#define watchlist watchlist = list(train=xgb_train, test=xgb_test) #fit XGBoost model and display training and testing data at each round model = xgb.train(data = xgb_train, max.depth = 3, watchlist=watchlist, nrounds = 70) [1] train-rmse:10.167523 test-rmse:10.839775 [2] train-rmse:7.521903 test-rmse:8.329679 [3] train-rmse:5.702393 test-rmse:6.691415 [4] train-rmse:4.463687 test-rmse:5.631310 [5] train-rmse:3.666278 test-rmse:4.878750 [6] train-rmse:3.159799 test-rmse:4.485698 [7] train-rmse:2.855133 test-rmse:4.230533 [8] train-rmse:2.603367 test-rmse:4.099881 [9] train-rmse:2.445718 test-rmse:4.084360 [10] train-rmse:2.327318 test-rmse:3.993562 [11] train-rmse:2.267629 test-rmse:3.944454 [12] train-rmse:2.189527 test-rmse:3.930808 [13] train-rmse:2.119130 test-rmse:3.865036 [14] train-rmse:2.086450 test-rmse:3.875088 [15] train-rmse:2.038356 test-rmse:3.881442 [16] train-rmse:2.010995 test-rmse:3.883322 [17] train-rmse:1.949505 test-rmse:3.844382 [18] train-rmse:1.911711 test-rmse:3.809830 [19] train-rmse:1.888488 test-rmse:3.809830 [20] train-rmse:1.832443 test-rmse:3.758502 [21] train-rmse:1.816150 test-rmse:3.770216 [22] train-rmse:1.801369 test-rmse:3.770474 [23] train-rmse:1.788891 test-rmse:3.766608 [24] train-rmse:1.751795 test-rmse:3.749583 [25] train-rmse:1.713306 test-rmse:3.720173 [26] train-rmse:1.672227 test-rmse:3.675086 [27] train-rmse:1.648323 test-rmse:3.675977 [28] train-rmse:1.609927 test-rmse:3.745338 [29] train-rmse:1.594891 test-rmse:3.756049 [30] train-rmse:1.578573 test-rmse:3.760104 [31] train-rmse:1.559810 test-rmse:3.727940 [32] train-rmse:1.547852 test-rmse:3.731702 [33] train-rmse:1.534589 test-rmse:3.729761 [34] train-rmse:1.520566 test-rmse:3.742681 [35] train-rmse:1.495155 test-rmse:3.732993 [36] train-rmse:1.467939 test-rmse:3.738329 [37] train-rmse:1.446343 test-rmse:3.713748 [38] train-rmse:1.435368 test-rmse:3.709469 [39] train-rmse:1.401356 test-rmse:3.710637 [40] train-rmse:1.390318 test-rmse:3.709461 [41] train-rmse:1.372635 test-rmse:3.708049 [42] train-rmse:1.367977 test-rmse:3.707429 [43] train-rmse:1.359531 test-rmse:3.711663 [44] train-rmse:1.335347 test-rmse:3.709101 [45] train-rmse:1.331750 test-rmse:3.712490 [46] train-rmse:1.313087 test-rmse:3.722981 [47] train-rmse:1.284392 test-rmse:3.712840 [48] train-rmse:1.257714 test-rmse:3.697482 [49] train-rmse:1.248218 test-rmse:3.700167 [50] train-rmse:1.243377 test-rmse:3.697914 [51] train-rmse:1.231956 test-rmse:3.695797 [52] train-rmse:1.219341 test-rmse:3.696277 [53] train-rmse:1.207413 test-rmse:3.691465 [54] train-rmse:1.197197 test-rmse:3.692108 [55] train-rmse:1.171748 test-rmse:3.683577 [56] train-rmse:1.156332 test-rmse:3.674458 [57] train-rmse:1.147686 test-rmse:3.686367 [58] train-rmse:1.143572 test-rmse:3.686375 [59] train-rmse:1.129780 test-rmse:3.679791 [60] train-rmse:1.111257 test-rmse:3.679022 [61] train-rmse:1.093541 test-rmse:3.699670 [62] train-rmse:1.083934 test-rmse:3.708187 [63] train-rmse:1.067109 test-rmse:3.712538 [64] train-rmse:1.053887 test-rmse:3.722480 [65] train-rmse:1.042127 test-rmse:3.720720 [66] train-rmse:1.031617 test-rmse:3.721224 [67] train-rmse:1.016274 test-rmse:3.699549 [68] train-rmse:1.008184 test-rmse:3.709522 [69] train-rmse:0.999220 test-rmse:3.708000 [70] train-rmse:0.985907 test-rmse:3.705192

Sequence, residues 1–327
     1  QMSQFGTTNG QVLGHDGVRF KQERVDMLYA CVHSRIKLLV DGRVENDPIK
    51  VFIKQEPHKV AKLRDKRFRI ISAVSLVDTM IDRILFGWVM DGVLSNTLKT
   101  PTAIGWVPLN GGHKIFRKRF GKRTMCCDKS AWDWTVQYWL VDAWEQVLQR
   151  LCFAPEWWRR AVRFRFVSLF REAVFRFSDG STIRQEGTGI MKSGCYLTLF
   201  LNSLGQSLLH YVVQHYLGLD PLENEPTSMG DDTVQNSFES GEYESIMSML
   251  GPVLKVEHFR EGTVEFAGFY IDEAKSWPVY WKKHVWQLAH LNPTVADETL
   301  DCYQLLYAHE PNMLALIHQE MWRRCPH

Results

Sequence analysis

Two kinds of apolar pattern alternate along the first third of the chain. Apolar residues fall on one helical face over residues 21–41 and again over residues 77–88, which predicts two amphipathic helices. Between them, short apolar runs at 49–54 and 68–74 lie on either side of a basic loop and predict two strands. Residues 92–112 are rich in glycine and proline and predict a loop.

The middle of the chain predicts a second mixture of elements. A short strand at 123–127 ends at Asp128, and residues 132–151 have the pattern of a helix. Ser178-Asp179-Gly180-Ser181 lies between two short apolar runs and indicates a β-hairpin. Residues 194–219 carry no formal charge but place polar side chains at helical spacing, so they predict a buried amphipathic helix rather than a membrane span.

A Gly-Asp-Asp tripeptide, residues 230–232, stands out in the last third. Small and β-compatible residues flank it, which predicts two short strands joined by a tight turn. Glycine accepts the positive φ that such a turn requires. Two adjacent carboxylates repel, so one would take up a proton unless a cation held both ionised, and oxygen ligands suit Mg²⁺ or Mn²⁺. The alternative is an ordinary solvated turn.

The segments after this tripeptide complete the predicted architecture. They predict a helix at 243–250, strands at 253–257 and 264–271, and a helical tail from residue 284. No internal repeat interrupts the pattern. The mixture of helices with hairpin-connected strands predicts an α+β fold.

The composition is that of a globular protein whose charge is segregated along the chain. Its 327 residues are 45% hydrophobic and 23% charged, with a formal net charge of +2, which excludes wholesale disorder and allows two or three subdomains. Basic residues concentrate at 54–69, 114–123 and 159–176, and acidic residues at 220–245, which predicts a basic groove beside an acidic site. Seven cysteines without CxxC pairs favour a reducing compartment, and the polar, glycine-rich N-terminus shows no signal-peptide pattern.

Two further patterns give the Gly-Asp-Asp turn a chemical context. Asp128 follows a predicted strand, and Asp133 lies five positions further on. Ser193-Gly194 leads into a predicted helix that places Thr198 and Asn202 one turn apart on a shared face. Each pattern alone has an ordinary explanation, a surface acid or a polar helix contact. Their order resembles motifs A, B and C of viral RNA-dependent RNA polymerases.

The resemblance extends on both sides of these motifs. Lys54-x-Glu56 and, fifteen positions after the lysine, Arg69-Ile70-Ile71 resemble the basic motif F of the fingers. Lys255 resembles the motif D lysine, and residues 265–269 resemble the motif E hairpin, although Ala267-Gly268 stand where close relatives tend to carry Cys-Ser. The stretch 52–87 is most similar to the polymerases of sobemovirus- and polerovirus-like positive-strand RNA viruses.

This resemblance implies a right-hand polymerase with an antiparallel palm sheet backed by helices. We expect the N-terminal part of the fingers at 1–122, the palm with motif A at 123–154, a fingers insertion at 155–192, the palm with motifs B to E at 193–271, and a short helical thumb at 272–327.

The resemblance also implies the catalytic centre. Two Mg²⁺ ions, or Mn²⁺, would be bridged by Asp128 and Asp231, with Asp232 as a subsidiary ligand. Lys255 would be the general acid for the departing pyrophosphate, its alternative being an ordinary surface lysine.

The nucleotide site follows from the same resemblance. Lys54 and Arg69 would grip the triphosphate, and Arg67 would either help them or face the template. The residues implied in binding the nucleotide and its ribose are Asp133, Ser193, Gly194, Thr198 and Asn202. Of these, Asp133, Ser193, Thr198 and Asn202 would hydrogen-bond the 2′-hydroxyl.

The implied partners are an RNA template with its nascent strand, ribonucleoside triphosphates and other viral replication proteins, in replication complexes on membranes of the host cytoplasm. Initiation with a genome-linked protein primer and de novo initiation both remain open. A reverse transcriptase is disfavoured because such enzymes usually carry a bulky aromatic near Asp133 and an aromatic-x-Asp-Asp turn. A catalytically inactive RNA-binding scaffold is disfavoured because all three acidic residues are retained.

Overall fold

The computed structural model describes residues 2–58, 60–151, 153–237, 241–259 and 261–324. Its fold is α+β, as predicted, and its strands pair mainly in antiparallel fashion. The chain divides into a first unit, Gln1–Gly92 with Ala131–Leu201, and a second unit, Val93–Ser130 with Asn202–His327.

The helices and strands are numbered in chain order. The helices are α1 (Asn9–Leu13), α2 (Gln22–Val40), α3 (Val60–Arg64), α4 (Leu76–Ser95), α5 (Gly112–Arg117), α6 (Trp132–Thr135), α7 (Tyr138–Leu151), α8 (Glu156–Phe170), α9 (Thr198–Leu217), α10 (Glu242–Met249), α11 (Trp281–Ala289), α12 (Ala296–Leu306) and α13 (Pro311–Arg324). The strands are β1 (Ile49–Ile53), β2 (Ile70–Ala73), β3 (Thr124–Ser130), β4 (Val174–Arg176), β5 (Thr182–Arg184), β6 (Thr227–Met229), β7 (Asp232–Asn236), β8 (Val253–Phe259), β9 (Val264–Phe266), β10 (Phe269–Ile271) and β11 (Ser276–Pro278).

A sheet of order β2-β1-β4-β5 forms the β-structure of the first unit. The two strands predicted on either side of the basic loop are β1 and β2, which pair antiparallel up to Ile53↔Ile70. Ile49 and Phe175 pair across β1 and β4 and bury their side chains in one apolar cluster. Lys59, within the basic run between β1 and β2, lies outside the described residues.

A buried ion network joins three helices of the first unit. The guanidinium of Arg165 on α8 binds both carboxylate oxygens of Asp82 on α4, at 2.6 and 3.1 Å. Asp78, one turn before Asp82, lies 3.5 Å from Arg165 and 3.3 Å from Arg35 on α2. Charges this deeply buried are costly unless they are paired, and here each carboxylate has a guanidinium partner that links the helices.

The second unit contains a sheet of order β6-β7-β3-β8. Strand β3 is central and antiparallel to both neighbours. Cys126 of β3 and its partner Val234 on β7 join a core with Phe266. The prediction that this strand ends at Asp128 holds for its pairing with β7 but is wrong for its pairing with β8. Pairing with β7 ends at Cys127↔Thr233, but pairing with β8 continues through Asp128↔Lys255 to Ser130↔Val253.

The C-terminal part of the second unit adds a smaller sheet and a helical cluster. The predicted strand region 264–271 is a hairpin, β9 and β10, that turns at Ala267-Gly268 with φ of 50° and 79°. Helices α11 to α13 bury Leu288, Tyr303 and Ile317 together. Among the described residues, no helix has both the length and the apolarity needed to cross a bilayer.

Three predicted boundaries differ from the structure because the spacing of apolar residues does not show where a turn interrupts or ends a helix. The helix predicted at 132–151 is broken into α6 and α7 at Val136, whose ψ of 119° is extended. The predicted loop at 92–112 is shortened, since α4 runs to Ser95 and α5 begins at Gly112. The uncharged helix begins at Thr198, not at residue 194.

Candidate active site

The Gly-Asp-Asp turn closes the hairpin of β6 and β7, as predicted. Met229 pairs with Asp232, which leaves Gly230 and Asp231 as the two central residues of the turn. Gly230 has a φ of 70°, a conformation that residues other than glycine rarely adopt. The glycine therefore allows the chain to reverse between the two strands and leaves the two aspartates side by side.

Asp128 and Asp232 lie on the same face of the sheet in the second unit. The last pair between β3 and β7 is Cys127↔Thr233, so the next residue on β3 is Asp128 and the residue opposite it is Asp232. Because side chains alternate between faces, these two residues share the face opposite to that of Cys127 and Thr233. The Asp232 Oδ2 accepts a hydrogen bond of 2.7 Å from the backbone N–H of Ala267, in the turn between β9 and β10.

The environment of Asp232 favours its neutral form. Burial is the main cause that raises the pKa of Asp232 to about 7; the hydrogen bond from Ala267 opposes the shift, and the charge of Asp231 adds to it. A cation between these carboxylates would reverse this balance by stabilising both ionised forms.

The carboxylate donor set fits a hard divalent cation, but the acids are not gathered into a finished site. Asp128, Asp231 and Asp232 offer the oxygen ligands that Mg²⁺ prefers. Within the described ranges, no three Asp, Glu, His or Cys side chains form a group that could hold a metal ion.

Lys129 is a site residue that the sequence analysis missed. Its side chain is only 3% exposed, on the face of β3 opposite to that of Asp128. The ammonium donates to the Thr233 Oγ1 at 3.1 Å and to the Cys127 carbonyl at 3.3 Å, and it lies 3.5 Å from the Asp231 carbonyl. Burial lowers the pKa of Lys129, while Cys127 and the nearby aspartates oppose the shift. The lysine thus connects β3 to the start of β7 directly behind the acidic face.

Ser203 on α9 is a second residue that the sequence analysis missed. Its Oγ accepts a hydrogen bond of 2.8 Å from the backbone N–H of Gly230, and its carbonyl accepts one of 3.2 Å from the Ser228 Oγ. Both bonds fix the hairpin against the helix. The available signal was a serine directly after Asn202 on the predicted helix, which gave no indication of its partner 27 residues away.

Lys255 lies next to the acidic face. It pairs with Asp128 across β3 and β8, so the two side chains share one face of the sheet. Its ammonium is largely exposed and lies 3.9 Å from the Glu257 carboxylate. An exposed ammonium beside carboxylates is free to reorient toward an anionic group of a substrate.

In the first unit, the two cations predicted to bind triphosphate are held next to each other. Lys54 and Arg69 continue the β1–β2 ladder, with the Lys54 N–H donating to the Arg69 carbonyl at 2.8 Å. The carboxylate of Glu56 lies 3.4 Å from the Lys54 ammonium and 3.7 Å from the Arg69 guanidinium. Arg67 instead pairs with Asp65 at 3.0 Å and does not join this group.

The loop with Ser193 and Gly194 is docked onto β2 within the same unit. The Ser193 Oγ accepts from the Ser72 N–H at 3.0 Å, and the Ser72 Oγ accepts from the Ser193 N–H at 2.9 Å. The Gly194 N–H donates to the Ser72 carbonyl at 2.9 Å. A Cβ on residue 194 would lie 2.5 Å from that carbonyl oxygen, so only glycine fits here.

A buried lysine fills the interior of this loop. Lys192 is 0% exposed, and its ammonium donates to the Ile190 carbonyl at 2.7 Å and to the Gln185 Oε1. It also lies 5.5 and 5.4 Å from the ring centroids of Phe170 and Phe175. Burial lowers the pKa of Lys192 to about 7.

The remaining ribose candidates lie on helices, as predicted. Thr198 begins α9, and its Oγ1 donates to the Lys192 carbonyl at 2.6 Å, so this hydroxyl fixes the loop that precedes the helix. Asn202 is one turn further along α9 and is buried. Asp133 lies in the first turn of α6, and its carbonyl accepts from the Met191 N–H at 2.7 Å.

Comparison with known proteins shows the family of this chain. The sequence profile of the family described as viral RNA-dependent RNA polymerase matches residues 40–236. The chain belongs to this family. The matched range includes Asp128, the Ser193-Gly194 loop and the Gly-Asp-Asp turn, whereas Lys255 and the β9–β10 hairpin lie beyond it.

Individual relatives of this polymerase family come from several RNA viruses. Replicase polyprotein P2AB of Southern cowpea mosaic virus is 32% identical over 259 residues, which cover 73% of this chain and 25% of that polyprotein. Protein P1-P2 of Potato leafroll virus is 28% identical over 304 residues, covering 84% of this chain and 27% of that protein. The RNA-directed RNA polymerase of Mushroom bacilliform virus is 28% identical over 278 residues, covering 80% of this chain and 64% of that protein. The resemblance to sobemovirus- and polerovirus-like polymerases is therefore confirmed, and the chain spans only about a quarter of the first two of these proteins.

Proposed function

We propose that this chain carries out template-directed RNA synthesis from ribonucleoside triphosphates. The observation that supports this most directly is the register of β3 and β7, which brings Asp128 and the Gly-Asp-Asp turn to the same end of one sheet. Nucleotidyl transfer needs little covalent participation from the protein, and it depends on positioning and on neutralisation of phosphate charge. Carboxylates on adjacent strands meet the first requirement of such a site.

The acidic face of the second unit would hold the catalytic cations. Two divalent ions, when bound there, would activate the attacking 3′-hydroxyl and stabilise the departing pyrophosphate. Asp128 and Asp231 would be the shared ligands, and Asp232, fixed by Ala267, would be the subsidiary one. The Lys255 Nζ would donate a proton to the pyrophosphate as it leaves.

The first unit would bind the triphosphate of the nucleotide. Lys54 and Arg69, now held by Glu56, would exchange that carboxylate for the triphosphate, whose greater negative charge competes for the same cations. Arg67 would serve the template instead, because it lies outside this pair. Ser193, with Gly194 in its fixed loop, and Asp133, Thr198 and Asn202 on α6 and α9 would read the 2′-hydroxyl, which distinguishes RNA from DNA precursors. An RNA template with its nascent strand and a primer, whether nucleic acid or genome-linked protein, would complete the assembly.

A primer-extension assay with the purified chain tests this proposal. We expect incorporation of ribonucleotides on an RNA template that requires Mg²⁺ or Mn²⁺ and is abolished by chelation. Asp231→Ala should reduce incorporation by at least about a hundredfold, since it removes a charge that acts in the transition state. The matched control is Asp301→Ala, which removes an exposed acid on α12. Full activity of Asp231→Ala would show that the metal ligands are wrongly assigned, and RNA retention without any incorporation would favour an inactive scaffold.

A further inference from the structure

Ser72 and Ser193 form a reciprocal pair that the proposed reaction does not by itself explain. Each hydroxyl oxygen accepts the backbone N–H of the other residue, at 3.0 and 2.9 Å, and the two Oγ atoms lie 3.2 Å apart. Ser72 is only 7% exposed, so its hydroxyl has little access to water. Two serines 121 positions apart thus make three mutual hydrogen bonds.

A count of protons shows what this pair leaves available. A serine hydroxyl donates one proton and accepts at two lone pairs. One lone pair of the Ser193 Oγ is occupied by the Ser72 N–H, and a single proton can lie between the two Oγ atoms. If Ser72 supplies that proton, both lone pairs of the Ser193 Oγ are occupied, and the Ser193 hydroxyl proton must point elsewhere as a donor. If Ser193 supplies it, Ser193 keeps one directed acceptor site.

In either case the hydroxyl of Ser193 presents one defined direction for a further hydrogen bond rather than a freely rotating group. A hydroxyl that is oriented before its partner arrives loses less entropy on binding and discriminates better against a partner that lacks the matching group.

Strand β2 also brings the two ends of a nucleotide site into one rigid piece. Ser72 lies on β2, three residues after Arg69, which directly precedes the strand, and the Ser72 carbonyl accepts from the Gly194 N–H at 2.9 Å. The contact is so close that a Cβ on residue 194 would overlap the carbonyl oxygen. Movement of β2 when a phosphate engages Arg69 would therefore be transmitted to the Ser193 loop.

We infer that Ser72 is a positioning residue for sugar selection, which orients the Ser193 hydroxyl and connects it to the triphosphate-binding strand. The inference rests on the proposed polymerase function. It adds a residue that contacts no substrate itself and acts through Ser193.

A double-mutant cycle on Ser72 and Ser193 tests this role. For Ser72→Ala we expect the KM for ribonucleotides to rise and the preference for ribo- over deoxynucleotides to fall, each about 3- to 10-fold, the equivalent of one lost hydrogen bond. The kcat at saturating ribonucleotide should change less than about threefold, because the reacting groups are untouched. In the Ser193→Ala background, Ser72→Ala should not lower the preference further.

From the output we can see that the minimum testing RMSE is achieved at **56** rounds. Beyond this point, the test RMSE actually begins to increase, which is a sign that we’re overfitting the training data.

Thus, we’ll define our final XGBoost model to use 56 rounds:

#define final model final = xgboost(data = xgb_train, max.depth = 3, nrounds = 56, verbose = 0)

Note: The argument **verbose = 0** tells R not to display the training and testing error for each round.

**Step 5: Use the Model to Make Predictions**

Lastly, we can use the final boosted model to make predictions about the median house value of Boston homes in the testing set.

We will then calculate the following accuracy measures for the model:

**MSE:**Mean Squared Error**MAE:**Mean Absolute Error**RMSE:**Root Mean Squared Error

mean((test_y - pred_y)^2) #mse caret::MAE(test_y, pred_y) #mae caret::RMSE(test_y, pred_y) #rmse [1] 13.50164 [1] 2.409426 [1] 3.674457

The root mean squared error turns out to be **3.674457**. This represents the average difference between the prediction made for the median house values and the actual observed house values in the test set.

If we want, we could compare this RMSE to other models like multiple linear regression, ridge regression, principal components regression, etc. to see which model produces the most accurate predictions.

You can find the complete R code used in this example here.